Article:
Image by Chris Faraone
More than a few elected officials showed at the community meeting held last night at Twelfth Baptist Church in Roxbury. From longtime State Rep. Byron Rushing, to Boston City Councilor Matt O’Malley, to Mayor Marty Walsh and Governor-elect Charlie Baker, well over a dozen pols observed or participated in a conversation that was facilitated by Rev. Jeffrey Brown and born out of the murder of teenager Michael Brown in Ferguson, Missouri.
But when it came time to join the protest that germinated in Dudley Square, only two blocks away from Twelfth Baptist, and then to march to the South Bay House of Correction with more than 1,000 demonstrators chanting “BLACK LIVES MATTER,” the only pols left standing on Monday — at least from what we saw on the street — were Boston City Councilors Tito Jackson and Charles Yancey of Roxbury and Mattapan, respectively.
It takes courage for an elected official to join the types of actions that are taking place across America this week. There’s no telling what demonstrators might do or say in your company and on video, or how their comments might be used against you in the future. Last night, though, media relations didn’t matter. Not to Councilor Yancey, and not to Councilor Jackson, who held down the corner of Mass Ave and Melnea Cass with a bullhorn at around 9pm.
The scene started off as borderline chaotic. Hundreds of protesters were walking away from another group that was still toeing a line against police by the South Bay House of Correction. As they began to arrive at Mass Ave and Melnea Cass, some began to split toward downtown, while others veered back toward Dudley. Given the opportunity, Jackson asked for a bullhorn and addressed a crowd in the street outside of Boston Medical Center.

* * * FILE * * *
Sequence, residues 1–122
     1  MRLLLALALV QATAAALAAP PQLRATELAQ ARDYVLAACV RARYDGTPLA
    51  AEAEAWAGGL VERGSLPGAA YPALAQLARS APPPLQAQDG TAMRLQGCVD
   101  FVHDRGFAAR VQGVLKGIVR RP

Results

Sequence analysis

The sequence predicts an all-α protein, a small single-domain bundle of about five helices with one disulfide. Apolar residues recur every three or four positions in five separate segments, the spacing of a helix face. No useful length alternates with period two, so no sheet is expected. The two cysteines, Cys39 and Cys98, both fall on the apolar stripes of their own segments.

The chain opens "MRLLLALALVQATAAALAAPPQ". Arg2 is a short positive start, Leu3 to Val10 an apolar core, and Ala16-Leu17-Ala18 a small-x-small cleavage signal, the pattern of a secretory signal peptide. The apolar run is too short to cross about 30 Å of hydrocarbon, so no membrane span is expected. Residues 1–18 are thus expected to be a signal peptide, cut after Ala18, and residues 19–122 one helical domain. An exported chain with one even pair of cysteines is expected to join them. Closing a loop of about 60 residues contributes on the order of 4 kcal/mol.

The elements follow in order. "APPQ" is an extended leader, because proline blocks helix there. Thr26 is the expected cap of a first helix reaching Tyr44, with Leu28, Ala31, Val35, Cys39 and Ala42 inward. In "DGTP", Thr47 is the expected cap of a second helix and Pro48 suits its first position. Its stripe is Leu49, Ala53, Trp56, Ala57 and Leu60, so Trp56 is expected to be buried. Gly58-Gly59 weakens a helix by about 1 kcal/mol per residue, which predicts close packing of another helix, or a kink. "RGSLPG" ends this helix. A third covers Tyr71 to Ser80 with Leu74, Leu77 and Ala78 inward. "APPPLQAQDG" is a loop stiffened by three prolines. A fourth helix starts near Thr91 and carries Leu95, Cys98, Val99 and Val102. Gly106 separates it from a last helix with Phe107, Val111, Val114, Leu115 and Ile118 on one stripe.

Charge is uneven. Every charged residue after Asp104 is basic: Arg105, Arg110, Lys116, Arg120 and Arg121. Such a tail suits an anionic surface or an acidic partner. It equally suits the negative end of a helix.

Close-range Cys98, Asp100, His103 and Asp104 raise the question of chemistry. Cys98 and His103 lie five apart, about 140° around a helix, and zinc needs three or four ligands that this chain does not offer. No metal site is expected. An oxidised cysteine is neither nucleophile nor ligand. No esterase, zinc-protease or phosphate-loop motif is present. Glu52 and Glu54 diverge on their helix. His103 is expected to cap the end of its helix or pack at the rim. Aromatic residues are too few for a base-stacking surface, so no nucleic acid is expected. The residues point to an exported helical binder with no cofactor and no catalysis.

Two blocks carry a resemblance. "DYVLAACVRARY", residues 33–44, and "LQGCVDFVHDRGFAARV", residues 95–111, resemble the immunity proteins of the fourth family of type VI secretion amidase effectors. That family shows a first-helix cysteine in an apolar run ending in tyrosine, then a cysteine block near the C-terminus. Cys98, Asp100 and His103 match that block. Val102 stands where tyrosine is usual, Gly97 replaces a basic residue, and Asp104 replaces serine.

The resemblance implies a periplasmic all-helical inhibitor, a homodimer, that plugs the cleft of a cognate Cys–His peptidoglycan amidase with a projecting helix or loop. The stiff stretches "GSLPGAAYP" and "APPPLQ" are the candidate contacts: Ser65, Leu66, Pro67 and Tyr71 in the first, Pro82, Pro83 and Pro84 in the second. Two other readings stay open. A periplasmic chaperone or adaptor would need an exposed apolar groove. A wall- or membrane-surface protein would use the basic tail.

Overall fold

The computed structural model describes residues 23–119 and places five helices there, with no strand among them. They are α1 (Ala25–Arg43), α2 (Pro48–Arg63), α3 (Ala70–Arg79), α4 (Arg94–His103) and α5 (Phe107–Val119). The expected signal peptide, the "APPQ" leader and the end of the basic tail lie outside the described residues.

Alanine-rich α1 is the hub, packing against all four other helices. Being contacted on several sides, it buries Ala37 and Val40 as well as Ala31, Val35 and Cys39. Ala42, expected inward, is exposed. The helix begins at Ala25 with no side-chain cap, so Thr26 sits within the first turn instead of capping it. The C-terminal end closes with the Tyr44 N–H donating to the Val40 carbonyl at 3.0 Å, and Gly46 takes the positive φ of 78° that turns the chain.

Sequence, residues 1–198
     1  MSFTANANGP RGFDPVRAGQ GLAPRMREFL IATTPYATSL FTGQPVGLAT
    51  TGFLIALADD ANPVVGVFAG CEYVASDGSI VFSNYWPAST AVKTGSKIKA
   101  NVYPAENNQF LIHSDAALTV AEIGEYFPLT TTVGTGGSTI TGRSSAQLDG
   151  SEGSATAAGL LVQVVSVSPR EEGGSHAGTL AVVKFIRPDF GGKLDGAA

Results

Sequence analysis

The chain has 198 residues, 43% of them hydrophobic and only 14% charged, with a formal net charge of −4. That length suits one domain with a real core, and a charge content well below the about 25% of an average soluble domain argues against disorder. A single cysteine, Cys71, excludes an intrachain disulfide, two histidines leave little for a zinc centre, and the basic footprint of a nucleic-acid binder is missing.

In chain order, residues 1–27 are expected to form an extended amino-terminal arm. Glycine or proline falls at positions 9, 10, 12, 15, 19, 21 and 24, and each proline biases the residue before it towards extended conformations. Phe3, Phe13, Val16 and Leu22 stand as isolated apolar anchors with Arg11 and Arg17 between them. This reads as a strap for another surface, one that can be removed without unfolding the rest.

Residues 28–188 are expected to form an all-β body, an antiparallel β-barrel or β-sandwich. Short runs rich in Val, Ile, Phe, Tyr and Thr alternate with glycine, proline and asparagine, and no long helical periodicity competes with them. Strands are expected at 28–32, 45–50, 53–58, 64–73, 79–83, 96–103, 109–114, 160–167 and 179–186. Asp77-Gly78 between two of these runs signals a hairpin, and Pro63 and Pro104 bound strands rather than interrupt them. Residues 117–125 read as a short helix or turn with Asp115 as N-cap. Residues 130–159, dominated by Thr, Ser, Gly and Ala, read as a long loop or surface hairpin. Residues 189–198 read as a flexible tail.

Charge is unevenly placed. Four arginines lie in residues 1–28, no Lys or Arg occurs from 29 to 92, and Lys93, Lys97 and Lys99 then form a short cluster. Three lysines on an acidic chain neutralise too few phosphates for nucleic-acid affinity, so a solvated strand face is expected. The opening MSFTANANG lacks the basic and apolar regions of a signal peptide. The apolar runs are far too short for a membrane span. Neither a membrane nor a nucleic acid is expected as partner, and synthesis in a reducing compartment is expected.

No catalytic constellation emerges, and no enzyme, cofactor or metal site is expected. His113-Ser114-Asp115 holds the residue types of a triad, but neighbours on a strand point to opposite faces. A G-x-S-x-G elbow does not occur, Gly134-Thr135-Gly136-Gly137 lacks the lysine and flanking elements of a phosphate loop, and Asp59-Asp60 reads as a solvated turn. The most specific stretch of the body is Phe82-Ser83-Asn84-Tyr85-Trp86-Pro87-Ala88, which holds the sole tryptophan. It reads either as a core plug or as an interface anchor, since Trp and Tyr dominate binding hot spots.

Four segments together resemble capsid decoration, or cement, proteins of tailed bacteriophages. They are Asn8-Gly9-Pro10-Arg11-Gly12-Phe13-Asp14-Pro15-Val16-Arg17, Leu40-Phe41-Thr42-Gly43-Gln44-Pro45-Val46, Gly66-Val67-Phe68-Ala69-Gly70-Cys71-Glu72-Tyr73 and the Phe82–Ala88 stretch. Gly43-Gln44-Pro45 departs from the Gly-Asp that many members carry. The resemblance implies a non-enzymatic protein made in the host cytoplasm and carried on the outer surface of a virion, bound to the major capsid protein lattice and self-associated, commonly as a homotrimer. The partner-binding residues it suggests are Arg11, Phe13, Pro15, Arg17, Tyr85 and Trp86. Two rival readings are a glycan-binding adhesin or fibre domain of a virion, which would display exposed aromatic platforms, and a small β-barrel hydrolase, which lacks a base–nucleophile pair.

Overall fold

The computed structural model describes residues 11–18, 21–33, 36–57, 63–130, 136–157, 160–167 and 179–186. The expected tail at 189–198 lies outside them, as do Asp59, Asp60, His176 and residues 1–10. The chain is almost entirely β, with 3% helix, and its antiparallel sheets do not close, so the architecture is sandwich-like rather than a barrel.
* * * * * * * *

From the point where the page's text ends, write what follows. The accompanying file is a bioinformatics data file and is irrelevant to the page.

Demonstrators watching attentively, the councilor started by lambasting Boston University. He’s had difficulties with BU before, in particular with the Level-4 biolab they built in his backyard using federal funding. Last night, however, Jackson hit the university hard for ignoring his request for them to disclose race and diversity numbers. As reported in the Boston Globe:
The Boston City Council, in a rare step, issued a subpoena Monday to Boston University president Robert Brown to compel him to appear at a hearing next week on employee and student diversity at local colleges.
The council said it acted after BU failed to comply with a request to send a representative to a hearing last month. If Brown fails to appear at the next meeting of the council’s Education Committee on Dec. 2, he could face arrest, according to state law.
It was the first time in recent memory the council has gone to such lengths in a dispute with a local college leader, although it has summoned others on a few occasions.
Jackson then proceeded to address disparities in Boston Public Schools and in the region in general. To that end, the councilor noted his recent attempt to create a Commission on Black and Latino Men. While the plan was unanimously approved by Jackson’s colleagues, it found resistance in the Walsh administration, which claimed that the proposal overlaps with work already underway.
“I have to be real with you,” Jackson told the crowd. “It was vetoed on the mayor’s desk.”
The impromptu press conference ended soon after, when one of Jackson’s aides alerted him to the possibility of violence sparking between police and protesters nearby. Within moments, the councilor split to check the situation, but not before leaving his impromptu audience with a request.
“I want to do this for black and Latino men,” Jackson said. “But if I’m going to be able to do this, I need you to support me.”